Telling Illawarra’s Story

Community & Co-design
by Mark

Landscape with Monsters was recently performed at Wollongong’s Merrigong Theatre by Brisbane company, Circa. I saw the show and, as an architect, my attention was caught by the Director Yaron Lifschitz’s driving idea for the performance: how the curves of the human body meet with the right angles of the built environment. This resonated because, on a daily basis, I reconcile the very organic needs of human beings with the design of a hard-edged physical environment.

The show was made for, and about, the Illawarra. Lifschitz’s goal with the production was to see it as a response to the region in transformation. “We dig, we mine, we build, we manufacture. As industries evolve great natural beauty meets the scars of our activities. The work aimed to explore how the landscape is imprinted on our bodies and how we carry it with us.” Merrigong CEO, Simon Hinton added, “We were interested in exploring the scars – both on the landscape and on the community – of the city’s emergence from its industrial heyday.”


Site visit to the Steel Works – Image courtesy of Circa

The setting for the show was an industrial wasteland, exploring the emotional highs and lows of post-industrial communities faced with uncertainty and change. Circa’s acrobats spent a 2-week creative development period in Wollongong, collaborating with local artists and had a site visit to the steel works.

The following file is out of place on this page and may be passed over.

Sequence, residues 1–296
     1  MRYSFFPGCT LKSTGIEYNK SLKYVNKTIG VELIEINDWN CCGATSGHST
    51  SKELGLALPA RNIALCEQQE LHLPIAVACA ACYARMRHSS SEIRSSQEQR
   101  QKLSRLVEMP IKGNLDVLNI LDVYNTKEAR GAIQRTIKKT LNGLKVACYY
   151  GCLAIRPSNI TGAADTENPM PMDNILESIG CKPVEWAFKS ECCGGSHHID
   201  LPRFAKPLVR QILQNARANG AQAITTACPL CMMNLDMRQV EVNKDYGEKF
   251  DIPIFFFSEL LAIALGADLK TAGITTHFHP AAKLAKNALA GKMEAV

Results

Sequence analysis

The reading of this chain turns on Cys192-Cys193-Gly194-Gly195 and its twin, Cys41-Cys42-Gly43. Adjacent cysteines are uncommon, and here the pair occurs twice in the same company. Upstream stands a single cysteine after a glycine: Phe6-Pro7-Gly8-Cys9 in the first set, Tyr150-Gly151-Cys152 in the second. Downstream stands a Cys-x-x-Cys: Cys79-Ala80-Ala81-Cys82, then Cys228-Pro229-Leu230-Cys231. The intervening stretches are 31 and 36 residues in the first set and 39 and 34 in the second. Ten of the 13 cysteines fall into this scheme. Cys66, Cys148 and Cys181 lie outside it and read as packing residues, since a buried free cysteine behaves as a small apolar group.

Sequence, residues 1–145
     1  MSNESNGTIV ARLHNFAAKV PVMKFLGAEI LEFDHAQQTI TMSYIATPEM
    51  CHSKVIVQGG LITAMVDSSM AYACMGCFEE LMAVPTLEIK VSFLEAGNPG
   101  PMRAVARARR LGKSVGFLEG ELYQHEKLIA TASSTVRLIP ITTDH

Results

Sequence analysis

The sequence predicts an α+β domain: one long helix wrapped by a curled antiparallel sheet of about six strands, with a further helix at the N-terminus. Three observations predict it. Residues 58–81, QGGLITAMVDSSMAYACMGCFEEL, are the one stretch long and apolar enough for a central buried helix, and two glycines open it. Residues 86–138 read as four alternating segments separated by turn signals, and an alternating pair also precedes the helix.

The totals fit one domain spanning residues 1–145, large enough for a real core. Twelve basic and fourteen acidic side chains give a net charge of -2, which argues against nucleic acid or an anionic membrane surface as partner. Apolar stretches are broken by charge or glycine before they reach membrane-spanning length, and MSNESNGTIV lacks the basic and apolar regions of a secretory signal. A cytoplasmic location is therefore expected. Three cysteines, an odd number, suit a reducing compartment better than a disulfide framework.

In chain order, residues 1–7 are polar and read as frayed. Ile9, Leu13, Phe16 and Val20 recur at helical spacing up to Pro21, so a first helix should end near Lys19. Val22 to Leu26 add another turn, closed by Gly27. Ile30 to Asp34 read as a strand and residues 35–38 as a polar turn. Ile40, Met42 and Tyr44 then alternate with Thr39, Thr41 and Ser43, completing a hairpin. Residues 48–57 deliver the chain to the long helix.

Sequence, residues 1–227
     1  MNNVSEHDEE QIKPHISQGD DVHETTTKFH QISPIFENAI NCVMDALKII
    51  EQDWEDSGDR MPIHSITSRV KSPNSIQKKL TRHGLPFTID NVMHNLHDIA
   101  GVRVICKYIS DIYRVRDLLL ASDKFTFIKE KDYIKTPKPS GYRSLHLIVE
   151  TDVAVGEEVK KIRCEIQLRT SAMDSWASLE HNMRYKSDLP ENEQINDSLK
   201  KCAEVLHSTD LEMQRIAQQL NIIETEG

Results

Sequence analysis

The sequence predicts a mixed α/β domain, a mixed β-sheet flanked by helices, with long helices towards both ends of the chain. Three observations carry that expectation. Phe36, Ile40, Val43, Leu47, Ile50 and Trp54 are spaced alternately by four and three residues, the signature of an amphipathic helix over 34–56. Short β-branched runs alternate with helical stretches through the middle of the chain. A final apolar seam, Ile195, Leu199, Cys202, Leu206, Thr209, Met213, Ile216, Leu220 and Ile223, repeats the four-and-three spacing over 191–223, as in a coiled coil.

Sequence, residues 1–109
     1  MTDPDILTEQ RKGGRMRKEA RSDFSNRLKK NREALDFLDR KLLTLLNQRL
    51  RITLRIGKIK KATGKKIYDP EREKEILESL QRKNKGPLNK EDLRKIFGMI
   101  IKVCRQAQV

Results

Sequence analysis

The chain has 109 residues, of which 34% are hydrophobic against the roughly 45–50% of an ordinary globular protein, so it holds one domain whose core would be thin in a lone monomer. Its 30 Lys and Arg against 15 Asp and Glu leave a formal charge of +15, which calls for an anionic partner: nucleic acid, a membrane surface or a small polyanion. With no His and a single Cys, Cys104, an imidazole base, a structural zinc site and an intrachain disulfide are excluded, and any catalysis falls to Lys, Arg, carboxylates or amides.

Some of the Illawarra’s most creative minds – Daryl Wallis, the sound designer, and Toby Knyvett, the lighting designer – were key to making this work a success. The two artists both had a strong understanding of the local environment as well as connections to the community. This creative work is testimony to the benefits of using local skills to complement imported expertise.

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On stage – Image courtesy of Circa

While the performance was a great demonstration of the acrobats’ strength and athletic prowess, the story line, if indeed there was one, was not easily discerned. Could this be symptomatic of our culture as we struggle to capture a coherent ‘narrative’ for the Illawarra? It could be that the challenge in crafting a single story about our region is because of the multi-faceted kaleidoscope created by our rich diversity!

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